Structured largely around thematically and physically up-close interviews, Hitler’s Children focuses on five individuals with ranging bloodline connections to the enforcers of the Holocaust. Everyone involved, from director Chanoch Ze’evi to his interviewees, who’ve carried on their infamous surnames but vehemently reject any Nazi sympathies, is in perpetual search of significance and closure. The subjects—primarily featured via talking-head confessionals—reach toward some intangible catharsis as Ze’evi yearns but fails to effectively process their expressions of historical regret into a clear and comprehensive statement.
The diverse coping methods through which each descendant has attempted to alleviate the burden of their contentious lineage is compelling. Niklas Frank, son of Nazi lawyer Hans Frank, and Katrin Himmler, great niece of Heinrich Himmler, wrote books documenting and condemning the horror and hatred their families perpetuated. Rainer Höss, grandson of Rudolf Höss, the first commandant of Auschwitz, sorrowfully visits the villa directly adjacent to Auschwitz that his grandfather and father inhabited, and briefly—yet tearfully—answers questions from a visiting group of young Israelis. Bettina Göring, great niece of Hermann Göring, moved to New Mexico, therefore escaping her heritage, and now enjoys the life of a hippie expat. Monika Göth, daughter of Amon Göth, commander of the Kraków-Płaszów concentration camp, has apparently never recovered, though, and she’s just now discovering how murderous her father was. She experienced a panic attack while watching Schindler’s List, in which Ralph Fiennes indelibly portrayed her father.
Although the doc confronts how love for family and one’s country isn’t always—and, in many cases, shouldn’t be—unconditional, the subjects are, on occasion, problematically framed. The intimate confessionals are often undermined by a treacherously superfluous score—a macabre, if sparse, piano tune that suggests low-rent Angelo Badalamenti. Such an attempt to add a layer of lingering dread and anxiety to scenarios that are already inherently vexing and horrifying strikes a chord of disingenuity that Ze’evi frequently eschews during some of the film’s more compassionate moments.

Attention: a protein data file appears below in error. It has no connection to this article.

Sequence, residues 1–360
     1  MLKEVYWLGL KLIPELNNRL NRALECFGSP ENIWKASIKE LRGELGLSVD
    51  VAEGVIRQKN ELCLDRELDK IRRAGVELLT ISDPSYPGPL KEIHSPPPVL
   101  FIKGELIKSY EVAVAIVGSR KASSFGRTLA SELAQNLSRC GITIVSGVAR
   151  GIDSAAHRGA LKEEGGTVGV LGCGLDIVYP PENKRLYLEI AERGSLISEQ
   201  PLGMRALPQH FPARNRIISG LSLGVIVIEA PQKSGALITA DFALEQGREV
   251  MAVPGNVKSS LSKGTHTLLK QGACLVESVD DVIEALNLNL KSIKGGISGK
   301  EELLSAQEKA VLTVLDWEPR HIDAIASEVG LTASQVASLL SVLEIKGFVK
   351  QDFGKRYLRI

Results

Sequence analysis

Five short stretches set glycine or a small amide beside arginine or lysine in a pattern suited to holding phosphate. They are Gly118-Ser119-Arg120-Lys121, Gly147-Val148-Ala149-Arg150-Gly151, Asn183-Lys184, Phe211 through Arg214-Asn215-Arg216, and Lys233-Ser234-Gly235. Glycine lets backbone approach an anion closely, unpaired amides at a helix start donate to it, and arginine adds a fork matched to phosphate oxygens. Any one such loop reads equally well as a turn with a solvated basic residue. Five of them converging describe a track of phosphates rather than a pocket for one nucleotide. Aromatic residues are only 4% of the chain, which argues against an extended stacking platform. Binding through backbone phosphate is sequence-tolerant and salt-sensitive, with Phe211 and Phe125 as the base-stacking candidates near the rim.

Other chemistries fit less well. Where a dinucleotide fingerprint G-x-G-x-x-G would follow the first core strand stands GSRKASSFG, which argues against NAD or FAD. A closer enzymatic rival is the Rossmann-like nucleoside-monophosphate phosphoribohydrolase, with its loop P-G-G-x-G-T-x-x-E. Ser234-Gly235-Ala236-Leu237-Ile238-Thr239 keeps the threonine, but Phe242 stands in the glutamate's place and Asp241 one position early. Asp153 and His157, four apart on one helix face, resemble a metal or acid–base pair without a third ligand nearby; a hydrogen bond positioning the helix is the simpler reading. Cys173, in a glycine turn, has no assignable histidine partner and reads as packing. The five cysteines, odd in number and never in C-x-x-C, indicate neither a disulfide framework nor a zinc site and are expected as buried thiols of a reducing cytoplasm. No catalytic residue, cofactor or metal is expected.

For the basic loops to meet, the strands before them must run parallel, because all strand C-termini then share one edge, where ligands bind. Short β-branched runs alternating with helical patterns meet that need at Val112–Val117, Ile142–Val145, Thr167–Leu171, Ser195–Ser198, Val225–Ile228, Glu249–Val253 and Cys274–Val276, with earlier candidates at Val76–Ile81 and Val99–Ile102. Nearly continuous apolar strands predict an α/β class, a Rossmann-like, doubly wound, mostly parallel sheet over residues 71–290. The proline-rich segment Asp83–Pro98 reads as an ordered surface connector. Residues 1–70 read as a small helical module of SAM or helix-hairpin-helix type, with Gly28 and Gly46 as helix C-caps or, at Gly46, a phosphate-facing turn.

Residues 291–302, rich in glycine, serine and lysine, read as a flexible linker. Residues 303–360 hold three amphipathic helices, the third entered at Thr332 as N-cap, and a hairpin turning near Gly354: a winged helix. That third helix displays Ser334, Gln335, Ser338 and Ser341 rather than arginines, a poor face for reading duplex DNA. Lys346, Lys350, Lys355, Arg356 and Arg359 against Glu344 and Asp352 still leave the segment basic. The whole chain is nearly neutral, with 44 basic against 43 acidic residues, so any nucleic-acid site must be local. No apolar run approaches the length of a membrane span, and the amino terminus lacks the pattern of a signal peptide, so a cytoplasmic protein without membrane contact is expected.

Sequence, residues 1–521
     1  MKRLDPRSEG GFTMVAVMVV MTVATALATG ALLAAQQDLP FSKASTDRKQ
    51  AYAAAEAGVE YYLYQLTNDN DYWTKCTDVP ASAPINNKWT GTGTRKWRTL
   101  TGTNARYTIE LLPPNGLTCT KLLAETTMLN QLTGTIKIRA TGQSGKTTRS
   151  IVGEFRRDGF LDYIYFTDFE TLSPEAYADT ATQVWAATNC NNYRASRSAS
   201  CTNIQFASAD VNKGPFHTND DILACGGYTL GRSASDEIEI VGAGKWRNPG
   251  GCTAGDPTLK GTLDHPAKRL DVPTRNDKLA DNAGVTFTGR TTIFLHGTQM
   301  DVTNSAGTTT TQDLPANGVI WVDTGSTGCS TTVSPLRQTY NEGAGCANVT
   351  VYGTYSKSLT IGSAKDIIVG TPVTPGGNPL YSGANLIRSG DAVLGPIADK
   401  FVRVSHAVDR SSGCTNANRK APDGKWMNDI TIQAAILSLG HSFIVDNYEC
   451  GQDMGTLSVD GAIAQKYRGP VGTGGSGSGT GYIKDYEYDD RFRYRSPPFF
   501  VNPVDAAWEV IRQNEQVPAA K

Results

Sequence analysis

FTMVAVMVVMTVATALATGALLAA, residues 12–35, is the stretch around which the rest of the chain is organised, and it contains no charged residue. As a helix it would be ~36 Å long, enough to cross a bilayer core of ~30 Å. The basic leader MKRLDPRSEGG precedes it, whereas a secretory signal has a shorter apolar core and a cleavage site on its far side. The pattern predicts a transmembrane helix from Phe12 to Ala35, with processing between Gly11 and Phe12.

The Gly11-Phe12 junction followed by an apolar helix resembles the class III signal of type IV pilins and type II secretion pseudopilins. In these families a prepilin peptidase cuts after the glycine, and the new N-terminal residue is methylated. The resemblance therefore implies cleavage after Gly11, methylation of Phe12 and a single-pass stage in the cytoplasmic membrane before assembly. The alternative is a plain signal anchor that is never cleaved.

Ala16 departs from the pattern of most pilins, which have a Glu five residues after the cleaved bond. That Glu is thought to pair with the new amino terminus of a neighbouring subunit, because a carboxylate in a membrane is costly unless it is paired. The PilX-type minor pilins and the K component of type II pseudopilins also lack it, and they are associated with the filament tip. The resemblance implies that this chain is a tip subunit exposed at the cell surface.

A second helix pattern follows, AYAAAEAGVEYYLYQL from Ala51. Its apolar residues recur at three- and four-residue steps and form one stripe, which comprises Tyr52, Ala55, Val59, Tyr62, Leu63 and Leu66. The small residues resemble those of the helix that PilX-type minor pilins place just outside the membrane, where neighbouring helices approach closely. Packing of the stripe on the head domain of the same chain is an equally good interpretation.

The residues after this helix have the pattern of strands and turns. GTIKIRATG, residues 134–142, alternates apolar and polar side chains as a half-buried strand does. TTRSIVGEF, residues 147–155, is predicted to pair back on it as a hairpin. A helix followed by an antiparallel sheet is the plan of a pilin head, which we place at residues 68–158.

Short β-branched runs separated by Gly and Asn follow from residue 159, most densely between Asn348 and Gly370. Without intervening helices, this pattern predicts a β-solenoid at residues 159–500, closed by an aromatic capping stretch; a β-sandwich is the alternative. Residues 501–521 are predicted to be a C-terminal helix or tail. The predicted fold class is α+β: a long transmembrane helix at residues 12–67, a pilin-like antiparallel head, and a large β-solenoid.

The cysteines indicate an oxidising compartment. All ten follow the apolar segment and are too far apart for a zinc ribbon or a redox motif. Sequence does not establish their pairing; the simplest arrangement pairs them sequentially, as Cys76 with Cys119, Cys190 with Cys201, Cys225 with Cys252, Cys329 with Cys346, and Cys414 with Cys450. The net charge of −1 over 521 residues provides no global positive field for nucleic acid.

Near the end of the film, Niklas Frank observes during a visiting lecture that the students in the class must be thinking: “Here comes another old fart to babble on about the Third Reich.” In a way, he could also be referring to the documentary audience. But the self-aware cheekiness of his comment is also apt, as the film never reveals new information about the well-known horrific events of the past. Hitler’s Children looks at the present in order to redefine the evil epoch of the past, and to find a hopeful future devoid of such hatred and destruction. Ze’evi’s innovative concept far outreaches his execution, though. Part investigation of generational guilt and part chorus of apologies, the film drains its subjects of the shame forced on them by Nazi ancestors and yet has difficulty arriving at an effective, constructive thesis.